Nice conversation going on over at Matt’s place about buying a new or used Glock.
IMHO… Yes, it all depends on the price. If you find a good deal, buy it. I have bought both used and new Glocks, and if the price is right, you cant really go wrong with a used Glock.
Used guns in generally are usually a great buy. Most used guns that you find out there are gonna be nowhere near shot-out. You need to know what you are looking for of course, but you are gonna find that most have not been run hard at all. In fact, the vast majority of them probably dont have but one or two range trips under their belts… then they were put in a drawer or in the back of the closet and never thought about again until it was time to sell them off.
There are exceptions of course… Rifles need to be more closely examined, and “working guns” like shotguns and .22s may have seen a long, hard life in the field taking game, but most of those you can spot from across the gun shop. They still may be a great deal, but they may also require more love and attention than most casual gun owners are able to give them.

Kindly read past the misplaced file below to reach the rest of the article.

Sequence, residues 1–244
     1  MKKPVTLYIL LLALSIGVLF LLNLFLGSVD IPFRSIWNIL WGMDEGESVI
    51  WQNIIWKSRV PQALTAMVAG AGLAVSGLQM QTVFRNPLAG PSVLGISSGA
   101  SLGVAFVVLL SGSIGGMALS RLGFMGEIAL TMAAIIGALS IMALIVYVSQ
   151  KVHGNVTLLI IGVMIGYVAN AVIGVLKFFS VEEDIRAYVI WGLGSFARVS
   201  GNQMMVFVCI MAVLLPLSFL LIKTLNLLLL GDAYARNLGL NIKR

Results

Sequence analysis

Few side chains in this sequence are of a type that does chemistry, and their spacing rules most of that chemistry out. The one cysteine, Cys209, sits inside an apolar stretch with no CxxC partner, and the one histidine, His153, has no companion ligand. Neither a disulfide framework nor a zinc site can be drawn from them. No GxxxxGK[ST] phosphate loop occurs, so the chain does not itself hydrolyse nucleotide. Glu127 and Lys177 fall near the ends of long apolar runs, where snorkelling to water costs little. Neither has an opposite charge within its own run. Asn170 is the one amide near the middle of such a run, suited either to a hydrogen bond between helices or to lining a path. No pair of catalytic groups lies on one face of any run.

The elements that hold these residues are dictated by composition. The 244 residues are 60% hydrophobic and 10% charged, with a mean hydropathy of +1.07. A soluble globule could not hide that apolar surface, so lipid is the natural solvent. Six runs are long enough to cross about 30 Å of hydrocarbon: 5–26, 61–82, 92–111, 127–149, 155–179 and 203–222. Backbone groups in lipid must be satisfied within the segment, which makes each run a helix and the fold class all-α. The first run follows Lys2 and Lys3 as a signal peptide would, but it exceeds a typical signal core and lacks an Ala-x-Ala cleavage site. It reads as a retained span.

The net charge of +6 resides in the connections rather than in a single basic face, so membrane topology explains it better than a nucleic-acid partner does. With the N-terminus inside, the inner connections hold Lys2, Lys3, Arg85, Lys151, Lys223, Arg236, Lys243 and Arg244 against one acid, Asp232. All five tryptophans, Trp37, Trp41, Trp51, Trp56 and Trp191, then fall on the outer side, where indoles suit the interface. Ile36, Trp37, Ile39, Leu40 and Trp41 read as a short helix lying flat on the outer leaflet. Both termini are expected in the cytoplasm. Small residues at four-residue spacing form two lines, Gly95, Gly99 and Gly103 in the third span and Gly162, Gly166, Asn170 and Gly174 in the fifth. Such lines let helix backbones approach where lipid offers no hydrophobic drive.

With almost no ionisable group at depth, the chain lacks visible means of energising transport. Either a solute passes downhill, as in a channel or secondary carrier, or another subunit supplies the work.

The first handgun that I ever bought was a used Gen 1 Glock 17. It was in very rough shape cosmetically, and the $250 price tag reflected that (It was well below all the other used Glocks in their gun case). I looked it over real good and determined that it was all just holster wear… heavy holster wear (I really wish I still had a picture of it in that condition). I figured it would shoot just fine, and in fact it ended up being one of the most reliable guns that I have ever seen. Without a doubt it has been just as good as any new Glock that I have ever owned. Its had countless rounds through it now and I have never had one single problem with it.
I did eventually decide to send it back to Glock to have it refinished simply because I wanted it to look like a new gun again. While it was there they gave it a complete tear down and replaced all the internals free of charge (and unsolicited by me). They will also do this for any gun that you send them, so if you do buy a used Glock and its not running right, they can probably work out the kinks for you. Quality replacement barrels can also be had online for under $150, so even if the barrel is indeed shot-out (highly unlikely) you can can factor that into the price and still might come out way ahead.
Here is my Glock 17 after the refinish job:
Now, I know that its probably darn near impossible to find a used Glock for $250 now-a-days, but they are still well under the price of a new Glock. Shop around, and save yourself some money. Even the used ones run great in most cases.